Rodney Harrison is not in the Pro Football Hall of Fame.
The two-time All-Pro safety and two-time Super Bowl champion seems to think he should be.
He didn’t say it directly, but he blasted Hall of Fame voters on Wednesday for the dearth of former New England Patriots elected to football’s highest individual honor.
Rodney Harrison: ‘They’re such haters’
Speaking with The Boston Globe’s Karen Guregian, Harrison chastised Patriots “haters” for not giving the players who were part of the Patriots early run of three Super Bowls their due.
“It’s just unfortunate,” Harrison said. “It’s almost a form of discrimination. People don’t want to elevate us, or recognize or acknowledge how great we are because they’re such haters. Everywhere I go, people hate on the Patriots. So we don’t get credit. All I hear is Tom [Brady] and Bill [Belichick]. But that’s such a lazy analysis.”
Ty Law the first Patriot of his era elected to Hall
Harrison’s comments arrive as Ty Law is slated to be inducted into the Hall of Fame next week. Law will be the first player from the Patriots teams that won three Super Bowls from 2001 to 2005 to receive a gold jacket.
Tom Brady will obviously join him one day. But he’s still busy chasing a seventh ring 18 years after that first Super Bowl victory.
For now, Law alone will represent the Patriots dynasty in Canton.
Law, a five-time Pro Bowl cornerback and two-time All Pro who played on all three of the early Patriots Super Bowl winners, was elected in his fifth year of eligibility.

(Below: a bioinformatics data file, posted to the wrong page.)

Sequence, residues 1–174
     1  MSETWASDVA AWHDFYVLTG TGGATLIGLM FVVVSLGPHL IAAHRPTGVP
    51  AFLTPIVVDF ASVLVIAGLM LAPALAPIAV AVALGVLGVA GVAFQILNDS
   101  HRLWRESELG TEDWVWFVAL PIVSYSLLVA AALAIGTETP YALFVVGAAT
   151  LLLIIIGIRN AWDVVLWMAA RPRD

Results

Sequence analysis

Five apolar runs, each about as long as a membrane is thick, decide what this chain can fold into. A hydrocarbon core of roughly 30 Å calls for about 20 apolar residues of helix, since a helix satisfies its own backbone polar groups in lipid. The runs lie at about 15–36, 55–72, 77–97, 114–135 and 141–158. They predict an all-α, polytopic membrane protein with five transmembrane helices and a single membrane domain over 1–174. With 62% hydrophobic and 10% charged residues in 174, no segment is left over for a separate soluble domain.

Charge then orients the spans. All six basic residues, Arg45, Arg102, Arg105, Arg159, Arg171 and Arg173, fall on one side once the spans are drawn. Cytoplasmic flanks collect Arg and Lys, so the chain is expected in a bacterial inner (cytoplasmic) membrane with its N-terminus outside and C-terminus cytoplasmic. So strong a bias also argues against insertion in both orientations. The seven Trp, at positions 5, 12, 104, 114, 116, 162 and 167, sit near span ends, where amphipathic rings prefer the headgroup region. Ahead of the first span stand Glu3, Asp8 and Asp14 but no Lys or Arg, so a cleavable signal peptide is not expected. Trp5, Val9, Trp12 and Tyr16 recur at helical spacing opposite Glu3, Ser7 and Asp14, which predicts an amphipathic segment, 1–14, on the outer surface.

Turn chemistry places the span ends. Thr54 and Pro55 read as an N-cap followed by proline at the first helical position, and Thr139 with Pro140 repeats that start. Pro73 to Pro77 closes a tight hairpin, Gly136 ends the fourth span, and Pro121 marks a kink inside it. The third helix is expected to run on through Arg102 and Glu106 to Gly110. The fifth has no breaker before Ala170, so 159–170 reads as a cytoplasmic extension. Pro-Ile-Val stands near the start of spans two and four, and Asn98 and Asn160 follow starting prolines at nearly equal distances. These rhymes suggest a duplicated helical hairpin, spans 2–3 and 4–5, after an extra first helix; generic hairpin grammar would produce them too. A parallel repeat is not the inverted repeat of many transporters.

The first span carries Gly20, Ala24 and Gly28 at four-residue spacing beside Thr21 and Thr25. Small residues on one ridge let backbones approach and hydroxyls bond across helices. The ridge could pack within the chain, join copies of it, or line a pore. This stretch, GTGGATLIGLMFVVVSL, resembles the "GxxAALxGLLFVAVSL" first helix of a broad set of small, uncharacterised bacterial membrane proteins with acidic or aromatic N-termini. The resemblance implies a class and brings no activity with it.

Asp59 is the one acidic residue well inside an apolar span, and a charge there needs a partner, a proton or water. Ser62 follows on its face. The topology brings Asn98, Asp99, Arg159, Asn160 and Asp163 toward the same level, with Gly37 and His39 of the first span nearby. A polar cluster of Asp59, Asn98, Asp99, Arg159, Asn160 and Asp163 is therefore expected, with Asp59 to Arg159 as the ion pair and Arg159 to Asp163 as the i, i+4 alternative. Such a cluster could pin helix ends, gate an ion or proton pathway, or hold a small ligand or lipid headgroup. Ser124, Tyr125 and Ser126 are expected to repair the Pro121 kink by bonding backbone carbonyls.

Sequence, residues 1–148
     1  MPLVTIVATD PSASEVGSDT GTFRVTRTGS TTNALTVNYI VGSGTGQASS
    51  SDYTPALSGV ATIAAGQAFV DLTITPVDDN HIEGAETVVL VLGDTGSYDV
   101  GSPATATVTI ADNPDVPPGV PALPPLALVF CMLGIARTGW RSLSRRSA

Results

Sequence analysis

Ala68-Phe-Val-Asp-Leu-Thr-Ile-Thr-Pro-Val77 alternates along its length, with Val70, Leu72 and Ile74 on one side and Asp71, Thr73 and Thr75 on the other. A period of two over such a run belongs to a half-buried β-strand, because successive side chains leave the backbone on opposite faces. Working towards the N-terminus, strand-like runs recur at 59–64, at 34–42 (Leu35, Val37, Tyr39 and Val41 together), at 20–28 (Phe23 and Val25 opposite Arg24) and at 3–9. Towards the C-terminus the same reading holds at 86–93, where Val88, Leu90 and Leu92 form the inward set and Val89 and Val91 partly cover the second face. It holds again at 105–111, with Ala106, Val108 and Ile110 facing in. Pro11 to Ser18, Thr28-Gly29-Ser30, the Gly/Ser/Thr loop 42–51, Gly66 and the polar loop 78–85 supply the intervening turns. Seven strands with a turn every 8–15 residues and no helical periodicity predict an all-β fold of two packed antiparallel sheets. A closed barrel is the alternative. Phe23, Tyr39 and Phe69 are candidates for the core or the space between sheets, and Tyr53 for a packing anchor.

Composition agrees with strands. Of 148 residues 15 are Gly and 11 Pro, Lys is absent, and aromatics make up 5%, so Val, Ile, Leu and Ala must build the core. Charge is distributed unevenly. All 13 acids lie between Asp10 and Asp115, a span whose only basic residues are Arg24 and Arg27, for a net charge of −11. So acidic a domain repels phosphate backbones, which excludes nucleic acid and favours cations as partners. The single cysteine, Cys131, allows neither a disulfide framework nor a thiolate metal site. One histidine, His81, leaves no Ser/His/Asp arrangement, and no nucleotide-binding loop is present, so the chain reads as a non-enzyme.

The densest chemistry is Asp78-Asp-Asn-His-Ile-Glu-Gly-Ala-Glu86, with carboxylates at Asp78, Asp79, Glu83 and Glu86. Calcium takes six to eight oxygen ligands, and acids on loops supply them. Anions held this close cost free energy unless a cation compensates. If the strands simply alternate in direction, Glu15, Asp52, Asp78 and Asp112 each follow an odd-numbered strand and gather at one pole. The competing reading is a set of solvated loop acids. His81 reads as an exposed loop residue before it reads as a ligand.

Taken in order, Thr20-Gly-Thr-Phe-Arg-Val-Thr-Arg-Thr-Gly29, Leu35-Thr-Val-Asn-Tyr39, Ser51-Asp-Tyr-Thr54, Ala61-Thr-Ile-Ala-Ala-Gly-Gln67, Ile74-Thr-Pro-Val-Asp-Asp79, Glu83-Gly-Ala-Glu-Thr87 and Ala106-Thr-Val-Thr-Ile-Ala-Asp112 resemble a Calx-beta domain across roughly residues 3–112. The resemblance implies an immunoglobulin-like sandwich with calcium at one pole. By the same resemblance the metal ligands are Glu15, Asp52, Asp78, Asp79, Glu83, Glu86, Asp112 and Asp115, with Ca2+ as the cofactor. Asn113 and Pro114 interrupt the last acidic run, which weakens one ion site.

Related: Look back at New England's first Super Bowl win:
Super Bowl XXXVI: New England Patriots vs. St. Louis Rams
Super Bowl XXXVI: New England Patriots vs. St. Louis Rams
NEW ORLEANS, LA - FEBRUARY 3: Patriots' Tom Brady throws a touchdown pass in the second quarter. New England Patriots face the St. Louis Rams in Super Bowl XXXVI at the Louisiana Superdome in New Orleans, LA on Feb. 3, 2002. (Photo by Bill Greene/The Boston Globe via Getty Images)
New England Patriots' Bobby Hamilton (91) sacks St. Louis Rams quarterback Kurt Warner (13) near the end of the first quarter of Super Bowl XXXVI Sunday, Feb. 3, 2002, in New Orleans. (AP Photo/David J. Phillip)
New England Patriots coach Bill Belichick watches from the sideline during the first quarter of Super Bowl XXXVI against the St. Louis Rams at the Louisiana Superdome, Sunday, Feb. 3, 2002 in New Orleans. (AP Photo/Amy Sancetta )
St. Louis Rams' quarterback Kurt Warner lies on the turf after being sacked by the New England Patriots during the second half 03 February, 2002 of Super Bowl XXXVI in New Orleans, Louisiana. The Patriots won 20-17. AFP PHOTO/Jeff HAYNES (Photo by JEFF HAYNES / AFP) (Photo credit should read JEFF HAYNES/AFP/Getty Images)
New England Patriots' J.R. Redmond (21) pulls down a pass from Tom Brady (12) during the final drive against the St. Louis Rams during Super Bowl XXXVI, Sunday, Feb. 3, 2002, in New Orleans. The completion helped set up the winning 48-yard field goal by Adam Vinatieri with no time left. (AP Photo/Kathy Willens)
St. Louis Rams running back Marshall Faulk (28) fends of New England Patriots cornerback Ty Law (24) during first-quarter play of Super Bowl XXXVI at the Louisiana Superdome Sunday, Feb. 3, 2002 in New Orleans. (AP Photo/Tony Gutierrez)
New England Patriots' cornerback Terrell Buckley (27) scoops up a St. Louis Rams fumble in front of Patriots' Lawyer Milloy (36) and Tebucky Jones (34) in Super Bowl XXXVI Sunday, Feb. 3, 2002, in New Orleans. (AP Photo/Michael Conroy)
New England Patriots cornerback Ty Law (24) intercepts a pass from St. Louis Rams quarterback Kurt Warner as intended receiver Isaac Bruce (80) looks on during Super Bowl XXXVI, Sunday, Feb. 3, 2002, in New Orleans. Law returned the interception for a touchdown. (AP Photo/Tony Gutierrez)